The AEP 2014 study found that leaders reach beyond traditional sourcing to find ways to deliver value that transcends cost savings. As part of this company-wide benefits and value discussion, procurement leaders communicate what the function delivers to the company in terms that the business can understand, typically by using the finance organization’s language to measure and share performance data. They also ensure that their own organization is aligned by regularly engaging the entire procurement function around the three- to five-year vision. Also, among leading companies, procurement leaders share procurement performance data beyond their function to ensure that company-wide stakeholders are kept aware of procurement’s contributions and have invested in the systems, data management, and capabilities to ensure their benefits reports and other data are accepted and trusted by finance and other leaders within the business.

The 2014 AEP study showed that besides tracking more conventional supply and demand conditions, procurement leaders closely monitor and prepare to deal with disruptive technologies and evaluate new technologies and nontraditional suppliers that might be able to increase market competition. Effective supply risk management is important. According to the 2014 AEP study, all leading companies use techniques such as continuous risk monitoring, scenario planning, value-chain modeling, disaster planning, and secondary supply sourcing while only half of typical companies do.

Generating value through SRM
Effective supplier relationship management is important in achieving value. The 2014 AEP study found that among leading companies, one-third of the value that procurement organizations create comes from SRM versus about one-quarter for the typical company. The AEP study found that leading procurement organizations have developed and continually demonstrate their SRM understanding by using a consistent, repeatable, and commonly understood SRM process and vocabulary that is used throughout their companies and among suppliers.

The importance of SRM can be seen in its role in driving performance among several key metrics. The 2014 AEP study showed that leading companies use SRM more effectively to drive both basic and more advanced measures. For example, 77% of leading companies said that SRM drives “significant” or “breakthrough” results in meeting current supply requirements compared to only 59% of typical companies. In reducing supplier unit cost, 73% of leading companies said SRM drives results while only 50% of typical companies said so.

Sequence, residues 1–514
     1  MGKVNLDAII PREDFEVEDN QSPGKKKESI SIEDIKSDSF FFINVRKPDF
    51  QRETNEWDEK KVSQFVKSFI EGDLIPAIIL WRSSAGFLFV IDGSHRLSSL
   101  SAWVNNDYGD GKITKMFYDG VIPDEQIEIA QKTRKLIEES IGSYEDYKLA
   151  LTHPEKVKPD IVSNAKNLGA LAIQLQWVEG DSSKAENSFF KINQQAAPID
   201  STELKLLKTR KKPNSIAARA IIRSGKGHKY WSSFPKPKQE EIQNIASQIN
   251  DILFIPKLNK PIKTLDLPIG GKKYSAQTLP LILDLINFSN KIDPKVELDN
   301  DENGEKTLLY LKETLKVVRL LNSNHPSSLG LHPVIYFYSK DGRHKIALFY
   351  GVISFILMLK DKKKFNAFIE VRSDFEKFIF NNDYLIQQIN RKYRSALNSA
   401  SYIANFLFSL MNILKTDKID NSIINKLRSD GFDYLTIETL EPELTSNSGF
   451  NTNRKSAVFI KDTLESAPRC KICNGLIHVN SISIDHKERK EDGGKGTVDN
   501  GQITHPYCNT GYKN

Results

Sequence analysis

The differential among leading companies and typical companies in applying SRM to achieve desired goals is even more striking among more advanced dimensions. The 2014 AEP study showed that 71% of leading companies use SRM to achieve “significant” or “breakthrough” results in risk mitigation compared to only 28% of typical companies. Fifty-seven percent of leading companies use SRM to improve asset or capital structures while only 13% of typical companies do.

Other key findings in how leading companies use SRM to drive “significant” or “breakthrough” results include:

  • Drive end-to-end cost down (55% of leading companies versus 32% of typical companies);
  • Pursue innovation development (45% of leading companies versus 14% of typical companies);
  • Grow existing markets or enter new ones (44% of leading companies versus 21% of typical companies); and
  • Develop or leverage differentiating supplier capabilities (40% of leading companies versus 14% of typical companies).

The 2014 AEP study showed that successful strategic SRM efforts also require selecting the right suppliers to meet a company’s goals in the long term as well as having needed capabilities. According to the study, leading companies deliver value beyond cost from SRM by integrating suppliers into the company’s own processes by using methods to streamline supply chains with their strategic suppliers, including collaborative capacity management, collaborative cost reduction, integrated operations planning, and virtual inventory management. Additionally, procurement leaders integrate key suppliers into innovation and growth initiatives. All AEP 2014 study leaders have an innovation target for procurement, and nearly half have a major open-innovation effort underway to integrate suppliers into their innovation stream.